Twice Scott Brown and Elizabeth Warren have faced off in televised debates, and twice the Massachusetts Senate candidates traded blows over Warren's claim to American Indian ancestry within seconds of the opening bell. The Republican incumbent and his Democratic challenger have launched dueling campaign ads calling even more attention to the issue, and there has even been a mini-kerfuffle over the low-rent antics of a few Brown staff members, who were filmed war-whooping and tomahawk-chopping at a campaign event in Dorchester.
Plainly the question of Warren's Cherokee heritage isn't going away any time soon. I'll be surprised if she and Brown don't sink their teeth into it again when they meet for Debate No. 3 in Springfield on Wednesday.
Maybe this time, for a change, they can focus on why it matters: not because race and color count, but because they never should.
One reason the issue doesn't matter is Warren's looks. "Professor Warren claimed that she was a Native American, a person of color," Brown said less than 30 seconds into his first answer at their Sept. 20 debate in Boston. "And as you can see," he added, pointing to his blond-haired, blue-eyed rival, "she's not." It was a cringe-inducing moment. Does the junior senator from Massachusetts really think he can "see" racial identity? Does he believe that American Indians -- or Asians, or African Americans -- can be infallibly distinguished by their physical characteristics?
Then again, Brown isn't the only candidate in the Massachusetts Senate race who seems to think physical appearance equals racial corroboration. Warren does too. When controversy erupted in the spring over the fact that she listed herself for nearly a decade in the Association of American Law Schools directory of "minority law teachers," she told reporters that her grandfather "had high cheekbones like all of the Indians do."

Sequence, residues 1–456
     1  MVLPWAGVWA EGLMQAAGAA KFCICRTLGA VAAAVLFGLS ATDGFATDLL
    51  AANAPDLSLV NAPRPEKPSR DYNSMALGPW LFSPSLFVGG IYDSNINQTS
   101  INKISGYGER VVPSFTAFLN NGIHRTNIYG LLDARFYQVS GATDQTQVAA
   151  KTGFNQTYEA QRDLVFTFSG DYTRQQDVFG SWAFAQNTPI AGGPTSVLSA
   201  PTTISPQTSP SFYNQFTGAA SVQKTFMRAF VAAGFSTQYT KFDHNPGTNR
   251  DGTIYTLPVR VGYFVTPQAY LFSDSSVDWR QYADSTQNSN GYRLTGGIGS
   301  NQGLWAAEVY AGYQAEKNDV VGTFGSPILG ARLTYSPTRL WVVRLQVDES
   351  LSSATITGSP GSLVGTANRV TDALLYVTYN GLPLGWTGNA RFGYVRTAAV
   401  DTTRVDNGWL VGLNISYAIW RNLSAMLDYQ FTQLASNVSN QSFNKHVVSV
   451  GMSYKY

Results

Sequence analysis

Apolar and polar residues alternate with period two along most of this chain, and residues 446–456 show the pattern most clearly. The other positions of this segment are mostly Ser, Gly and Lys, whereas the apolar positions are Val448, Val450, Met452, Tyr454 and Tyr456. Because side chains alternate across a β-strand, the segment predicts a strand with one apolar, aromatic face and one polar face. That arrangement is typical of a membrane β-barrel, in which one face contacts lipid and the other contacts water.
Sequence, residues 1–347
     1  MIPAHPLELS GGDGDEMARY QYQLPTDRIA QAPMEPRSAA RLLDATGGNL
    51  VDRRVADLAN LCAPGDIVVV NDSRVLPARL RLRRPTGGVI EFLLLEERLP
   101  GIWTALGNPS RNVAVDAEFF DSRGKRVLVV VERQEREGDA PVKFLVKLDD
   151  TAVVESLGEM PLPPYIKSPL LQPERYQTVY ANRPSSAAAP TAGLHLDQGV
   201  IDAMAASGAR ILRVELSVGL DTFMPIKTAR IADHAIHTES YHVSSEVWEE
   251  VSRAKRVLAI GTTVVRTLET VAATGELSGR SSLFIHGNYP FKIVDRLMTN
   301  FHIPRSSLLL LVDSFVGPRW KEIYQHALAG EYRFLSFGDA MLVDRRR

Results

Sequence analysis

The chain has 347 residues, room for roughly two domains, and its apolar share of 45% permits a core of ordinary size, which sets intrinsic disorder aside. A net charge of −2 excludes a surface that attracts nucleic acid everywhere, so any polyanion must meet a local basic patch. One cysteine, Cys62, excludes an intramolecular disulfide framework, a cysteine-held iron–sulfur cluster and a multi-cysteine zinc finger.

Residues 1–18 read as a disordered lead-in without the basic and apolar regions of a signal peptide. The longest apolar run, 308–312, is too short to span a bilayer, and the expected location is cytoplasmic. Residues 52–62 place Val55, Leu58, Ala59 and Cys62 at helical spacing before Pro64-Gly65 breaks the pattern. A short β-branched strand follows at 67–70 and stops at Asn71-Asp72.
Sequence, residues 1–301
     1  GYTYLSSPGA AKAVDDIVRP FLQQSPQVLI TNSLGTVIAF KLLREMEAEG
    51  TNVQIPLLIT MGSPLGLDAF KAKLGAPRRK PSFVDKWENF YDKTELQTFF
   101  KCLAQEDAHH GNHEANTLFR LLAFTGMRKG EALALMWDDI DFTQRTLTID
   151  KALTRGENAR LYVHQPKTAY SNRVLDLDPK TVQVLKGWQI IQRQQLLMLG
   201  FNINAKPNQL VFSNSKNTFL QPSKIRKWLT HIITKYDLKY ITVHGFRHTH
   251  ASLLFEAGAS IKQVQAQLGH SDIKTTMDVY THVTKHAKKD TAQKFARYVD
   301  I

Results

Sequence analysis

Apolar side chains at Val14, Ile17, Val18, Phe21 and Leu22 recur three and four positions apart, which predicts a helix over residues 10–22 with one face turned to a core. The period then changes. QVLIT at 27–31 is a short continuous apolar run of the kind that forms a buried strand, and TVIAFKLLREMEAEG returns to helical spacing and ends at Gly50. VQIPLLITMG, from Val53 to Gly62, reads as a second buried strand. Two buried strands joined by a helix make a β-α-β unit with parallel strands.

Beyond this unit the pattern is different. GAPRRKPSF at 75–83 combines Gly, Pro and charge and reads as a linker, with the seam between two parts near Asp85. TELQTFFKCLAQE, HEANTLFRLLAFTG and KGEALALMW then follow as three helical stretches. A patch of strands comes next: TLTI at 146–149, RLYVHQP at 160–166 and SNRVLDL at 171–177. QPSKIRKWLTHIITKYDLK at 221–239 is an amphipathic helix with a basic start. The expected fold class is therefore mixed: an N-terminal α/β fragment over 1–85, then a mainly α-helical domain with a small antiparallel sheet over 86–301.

To be fair, Warren hasn't repeated that comment. And Brown now denies implying that his opponent can't be a Native American because she doesn't look like one -- "I never made that suggestion at all," he told reporters.
But neither campaign has let the issue die.
For months Republicans have had a field day with Warren's claim to be Cherokee on the strength of unverified "family lore" about her great-great-great grandmother. Brown's TV spot milks the "Fauxcahontas" angle with clips of news stories reporting on the story. "Warren admitted to identifying herself as Native American to employers," one broadcast journalist says. "Something genealogists said they have zero evidence of," intones another. Firing back in her own 30-second commercial, Warren accuses Brown of vilifying her parents. "Scott Brown can continue attacking my family," she says, speaking directly to the camera, "but I'm going to keep fighting for yours."
None of this would matter if it weren't for the fact that nearly half a century after the 1964 Civil Rights Act outlawed discrimination on the basis of race, racial discrimination – in the form of affirmative action – is entrenched in American society. Warren insists that she "never got any benefit because of my heritage," and that the only reason she listed herself as an American Indian in professional law-school directories was to be invited to lunches "with people who are like I am." Her explanations provoked so much ridicule because they were ridiculous. Everyone knows that minority status can confer serious advantages when employers place a premium on "diversity," and use racial preferences and set-asides to achieve it.
Martin Luther King memorably dreamed of a nation in which people would be judged by the content of their character, not the color of their skin, and in much of American life his dream has become a reality.
But not within the contemporary diversity industry, where individual men and women are first and foremost members of categories, to be grouped by race, by ethnicity, by color. That's the logic behind a directory of "minority law teachers." It was also the mindset behind Jim Crow and "separate but equal."
The real significance of Warren's supposed Native American heritage isn't that she lacks proof that one of her 32 great-great-great grandparents was a Cherokee. It isn't that she believes the stories she was told as a girl. It isn't that by identifying herself as a racial minority she may, in Brown's words, have seized "an advantage that others were entitled to."
It is that in 21st-century America, no such advantage should exist. Racial preferences should by now be artifacts of history, not tools for hiring law professors. Two generations ago Thurgood Marshall and the NAACP declared that "classifications and distinctions based on race or color have no moral or legal validity in our society." Do the Massachusetts Senate candidates agree or disagree? Now there's a question worthy of debate.